In the last six months I've picked up a secondhand G1X and G7X, so that I can play around with CHDK scripting. A month ago I extended my collection with a second hand EOS-M3 body, as I already have EF-M lenses. Plus I added in an electronic viewfinder: a version 2.

Once I loaded CHDK, and got a little help from some CHDK experts, I started scripting and now have a focus and exposure bracketing script that seems to run pretty well.

As usual the script is accessible from the download page on the right.

The script is simple to use, but you will need to understand a few things:
  • The script scales everything from the overlap blur (in microns)
  • For the EOSM format, an overlap between 15-20 should be OK, but you can go less or more than this. Just note that the smaller the overlap, the more images will be taken.
  • You can specify an infinity shot that will generate an infinity blur of the overlap blur divided by your setting. Thus if the overlap was, say, 20 microns, and you stated the infinity shot should be 2, the infinity blur will be 10 microns.
  • You have three focus options. None, obviously will do what it says. X2INF focus brackets from the currently set focus to the infinity focus. M2INF first moves the lens to the minimum focus distance of the lens, then brackets to the infinity point.
  • At each focus you can additionally grab exposure brackets. The script assumes your base exposure is an ETTR one, thus use the CHDK histogram to set the exposure, eg so that the overexposure (red) dot just disappears. The exposure options are: base + 1 @ +2Ev, or base + 1 @ +3Ev, or base + 1 @ +4Ev, or base + 2 @ +2Ev and +4Ev, or 2 @ ISO100 and ISO1600
  • I've added in a 'nudge' factor. This may be useful when at the macro end, where the depth of field is very small. The fact is that lens position control is not that fine, so don't expect to be mm accurate. I would suggest a nudge of between 10-20mm.
  • You can turn the screen off when bracketing.
  • You can ask for a dark frame, bookend, image to be added at the beginning and end of the bracketing sequence.
  • You can add a delay in seconds.
  • Finally, the script uses the split lens approach I have previously posted about. Thus if you have registered a lens, the script will calculate the 'pseudo lens thickness'. Remember that all the depth of field calculations are made from the lens front principal plane, which the manufacturers don't tell us. Where as the lens distances that CHDK uses are taken from the sensor plane. To register a lens, just amend the script with your lens minimum focus distance, the maximum magnification (measured or taken from the spec), and the minimum and maximum focal length (which will be the same for a prime). If you don't register your lens the script allows you to run in simple thin lens mode (thickness = 0) or you can 'guess' a lens thickness in mm.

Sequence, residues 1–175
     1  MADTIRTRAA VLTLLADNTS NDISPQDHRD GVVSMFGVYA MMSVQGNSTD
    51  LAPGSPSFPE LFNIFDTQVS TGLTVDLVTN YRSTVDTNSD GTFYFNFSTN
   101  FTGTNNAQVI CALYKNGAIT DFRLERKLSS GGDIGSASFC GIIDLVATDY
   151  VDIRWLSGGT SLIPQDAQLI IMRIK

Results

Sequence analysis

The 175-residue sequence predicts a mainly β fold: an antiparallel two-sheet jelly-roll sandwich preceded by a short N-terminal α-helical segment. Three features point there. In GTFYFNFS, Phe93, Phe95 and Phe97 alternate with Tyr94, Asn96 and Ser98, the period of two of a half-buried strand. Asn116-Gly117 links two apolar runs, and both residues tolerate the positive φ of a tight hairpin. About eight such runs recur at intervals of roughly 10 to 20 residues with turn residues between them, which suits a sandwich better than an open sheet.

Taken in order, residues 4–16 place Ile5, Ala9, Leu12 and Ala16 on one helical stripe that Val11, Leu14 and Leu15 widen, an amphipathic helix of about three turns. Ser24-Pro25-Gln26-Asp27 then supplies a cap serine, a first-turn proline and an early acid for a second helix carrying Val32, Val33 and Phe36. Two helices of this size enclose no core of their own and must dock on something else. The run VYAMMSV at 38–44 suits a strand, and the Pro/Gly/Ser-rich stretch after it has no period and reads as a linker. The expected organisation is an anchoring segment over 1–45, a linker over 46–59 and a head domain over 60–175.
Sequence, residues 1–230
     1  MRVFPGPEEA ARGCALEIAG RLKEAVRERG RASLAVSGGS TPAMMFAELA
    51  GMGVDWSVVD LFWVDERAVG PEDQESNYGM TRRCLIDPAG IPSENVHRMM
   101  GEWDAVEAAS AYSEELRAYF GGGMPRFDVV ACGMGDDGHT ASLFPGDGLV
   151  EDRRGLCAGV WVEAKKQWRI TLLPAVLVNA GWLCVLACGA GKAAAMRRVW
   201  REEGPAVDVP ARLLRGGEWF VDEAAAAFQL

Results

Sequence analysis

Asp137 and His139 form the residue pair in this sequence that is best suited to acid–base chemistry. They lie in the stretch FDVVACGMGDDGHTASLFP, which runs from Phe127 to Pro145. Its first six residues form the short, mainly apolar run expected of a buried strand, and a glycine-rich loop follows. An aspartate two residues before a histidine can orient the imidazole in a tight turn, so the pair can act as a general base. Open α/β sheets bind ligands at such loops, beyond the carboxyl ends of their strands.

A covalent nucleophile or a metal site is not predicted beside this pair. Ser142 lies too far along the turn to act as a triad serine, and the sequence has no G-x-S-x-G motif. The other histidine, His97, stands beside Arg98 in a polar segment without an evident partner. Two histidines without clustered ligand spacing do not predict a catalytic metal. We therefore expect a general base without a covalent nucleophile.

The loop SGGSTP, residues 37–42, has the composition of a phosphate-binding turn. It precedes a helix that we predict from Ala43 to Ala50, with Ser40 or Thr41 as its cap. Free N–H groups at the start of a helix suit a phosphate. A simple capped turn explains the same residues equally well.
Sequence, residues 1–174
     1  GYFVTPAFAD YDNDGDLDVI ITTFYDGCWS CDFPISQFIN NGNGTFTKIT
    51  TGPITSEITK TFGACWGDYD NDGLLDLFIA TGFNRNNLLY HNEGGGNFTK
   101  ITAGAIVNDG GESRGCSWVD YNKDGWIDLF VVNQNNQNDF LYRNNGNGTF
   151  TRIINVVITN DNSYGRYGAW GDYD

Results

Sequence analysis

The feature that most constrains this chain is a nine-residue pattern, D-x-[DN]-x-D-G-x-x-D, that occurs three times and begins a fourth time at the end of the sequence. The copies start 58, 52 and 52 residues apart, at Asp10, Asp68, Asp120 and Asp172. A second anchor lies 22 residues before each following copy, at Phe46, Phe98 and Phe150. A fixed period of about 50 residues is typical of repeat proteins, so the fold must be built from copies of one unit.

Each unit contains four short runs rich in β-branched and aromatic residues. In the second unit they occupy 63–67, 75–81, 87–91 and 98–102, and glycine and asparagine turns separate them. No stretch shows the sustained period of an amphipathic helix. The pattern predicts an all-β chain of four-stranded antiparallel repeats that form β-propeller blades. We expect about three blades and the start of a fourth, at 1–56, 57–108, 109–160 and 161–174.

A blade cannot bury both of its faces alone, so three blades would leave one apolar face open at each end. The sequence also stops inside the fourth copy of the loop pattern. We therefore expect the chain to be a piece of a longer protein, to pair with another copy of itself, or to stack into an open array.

As for post processing: as usual that's down to you. As an illustration, the attached test image was captured at F/8, with an M2INF and ZN3 option (ZN = Zero Noise, ie the shot for the shadows). That is, 14 images, 7 focus points plus 2 exposures at each. 

I post processed in Lightroom. First by enfusing the exposures with LR/Enfuse, having adjusted the RAWs first. BTW, go to the library mode and manually select each pair of exposures, then use Ctrl G to stack them, once you have then stacked you can use LR/Enfuse in batch mode. I then did a round trip to Helicon Focus.



Thursday, June 6, 2019

What do you think?

As we create and store our images we derive personal pleasure: but what about sharing?

I know photographers who smother their images with watermarks, so that others may not 'steal' their work.

I must say, I feel a little more relaxed than most and so I've decided to publish my images in  a digitally presentable form.

Here are a few images from our Cornwall trip this week and I would welcome feedback on what you think about the presentation style.





Wednesday, May 29, 2019

Script Update

Just a quick post to say I've updated the Get Focus Bracketing script to better handle zoom lenses.

Simply take an image at the two focal length ends of your zoom lens, calculate the magnifications and register the lens in the script.

Monday, May 27, 2019

Splitting Things Apart

As those that have been following my recent posts know, I’ve been trying to ‘solve’ the problem of focusing with Magic Lantern (ML), be it in an automatic focus bracketing script or in a script that provides manual focus information.

The issue can be ignored if one is focusing away from the ‘macro’ end of a lens, ie towards the hyperfocal and beyond; but as you focus at the near end of a lens, we have a problem between ML and the real world.

The problem being that ML (and Canon) provide us with focus information relative to the sensor plane of the camera. Whereas all the depth of field and hyperfocal equations that we use are referenced from the front principal plane of the lens, which we don’t know and can vary greatly according to the lens design and focal length: even being positioned outside the lens in some cases.